He began working on Moss's lead. He fought traffic to do it; he and moss here lapping cars by the seventh lap, averaging over 90 mph. Dan took no chances--200 feet behind a slower car he'd raise his hand, "move over, I want to pass", and if the car didn't move he still found a way to get by, some how.
Moss was equally good, but coming down the turn seven hill the 16th lap he found the red Arciero Lotus right on his tail. And going up turn one, he watched it pass. This was it; the real race began.
The Riverside Coopers of Brabham and McLaren, running third and fourth were outgunned. The Lotuses obviously suited the oil slick track better than the Coopers, and both Brabham and McLaren looked uneasier as the race went on. Bruce removed his goggles at about ten laps.
When Gurney passed Moss in the 16th lap, things had worked out pretty well behind; Brabham and McLaren were on their own, and Ward, after a spirited run with the Cooper-Buick had retired because of overheating after holding fifth. Penske was thus fifth, then Gendebien, Ryan, Daigh, Miles, and Hulette in the Jag-Corvette, making the old car stay in contention ("Wow," someone said, "think what he'd be doing in a Birdcage"). McAfee, alarming one-under-two liter competitor because of the way he choose to negotiate turn two--sideways--was in tenth place behind Hulette, with Sargent, who had had some spin-out trouble. 11th.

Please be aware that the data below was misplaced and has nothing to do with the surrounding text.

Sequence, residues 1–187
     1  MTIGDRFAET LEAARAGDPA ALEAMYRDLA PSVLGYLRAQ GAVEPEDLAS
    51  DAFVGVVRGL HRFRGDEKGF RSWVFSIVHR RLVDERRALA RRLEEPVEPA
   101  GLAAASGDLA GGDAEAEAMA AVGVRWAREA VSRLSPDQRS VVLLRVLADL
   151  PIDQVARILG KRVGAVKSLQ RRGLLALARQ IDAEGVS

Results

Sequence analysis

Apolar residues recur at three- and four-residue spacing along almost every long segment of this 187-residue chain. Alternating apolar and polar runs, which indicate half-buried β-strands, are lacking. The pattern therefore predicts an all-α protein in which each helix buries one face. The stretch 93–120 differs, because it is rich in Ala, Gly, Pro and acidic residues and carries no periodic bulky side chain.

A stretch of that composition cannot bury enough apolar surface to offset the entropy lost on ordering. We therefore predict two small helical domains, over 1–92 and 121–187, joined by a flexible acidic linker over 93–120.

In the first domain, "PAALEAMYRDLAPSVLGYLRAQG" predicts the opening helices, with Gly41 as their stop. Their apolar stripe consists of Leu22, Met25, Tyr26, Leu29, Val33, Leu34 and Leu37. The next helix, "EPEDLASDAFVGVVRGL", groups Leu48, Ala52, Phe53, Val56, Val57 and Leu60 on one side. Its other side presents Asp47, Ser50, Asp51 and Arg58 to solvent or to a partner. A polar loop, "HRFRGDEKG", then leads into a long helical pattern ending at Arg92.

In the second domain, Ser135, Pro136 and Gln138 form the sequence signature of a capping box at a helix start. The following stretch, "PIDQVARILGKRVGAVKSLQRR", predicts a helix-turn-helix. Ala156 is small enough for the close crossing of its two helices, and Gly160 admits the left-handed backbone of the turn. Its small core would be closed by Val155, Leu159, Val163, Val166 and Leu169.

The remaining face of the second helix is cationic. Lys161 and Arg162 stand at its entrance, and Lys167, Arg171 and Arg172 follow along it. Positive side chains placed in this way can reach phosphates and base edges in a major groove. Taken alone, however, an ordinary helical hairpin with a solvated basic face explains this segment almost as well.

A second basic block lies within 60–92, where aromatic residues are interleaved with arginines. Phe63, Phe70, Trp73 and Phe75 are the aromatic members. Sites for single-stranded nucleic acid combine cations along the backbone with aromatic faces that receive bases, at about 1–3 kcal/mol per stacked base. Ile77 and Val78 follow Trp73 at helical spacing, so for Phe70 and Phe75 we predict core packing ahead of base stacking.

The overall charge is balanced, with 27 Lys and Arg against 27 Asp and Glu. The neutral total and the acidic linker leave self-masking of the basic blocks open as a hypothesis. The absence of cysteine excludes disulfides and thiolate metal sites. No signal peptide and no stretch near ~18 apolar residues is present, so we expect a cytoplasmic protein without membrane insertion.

Fast-qualifying Scooter Patrick, who led the under two liter class the first lap, had retired with a sucked valve. Hall in the Chaparral was coming through the field fast, and looked calm and confident. But he had a lot of ground to make up; the same with Parsons in the 'Cage.
Gurney and Moss rumbled further away from everyone on the track. Gurney led the 17th lap, Moss repassed the 18th, and Gurney got back in front the 19th--and by this time, the two leaders had lapped everyone but Brabham and McLaren. Little duels sprang up behind, like the three way fight between Heuer, Sargent, and Parsons, but the first place go topped everything/anything!
Moss blistered the traps on the short straight, hitting 131.9 mph, and Gurney answered by lapping at 1:51.1, a new race record.
At 26 laps, half way, the order stood, Gurney, Moss, Brabham, McLaren, Penske, Ryan, Gendebien, Miles, Hall, Hulette, Sargent, Heuer, Parsons and McAfee. And Gurney seemed to be stretching out. Daigh had quit with a broken half shaft.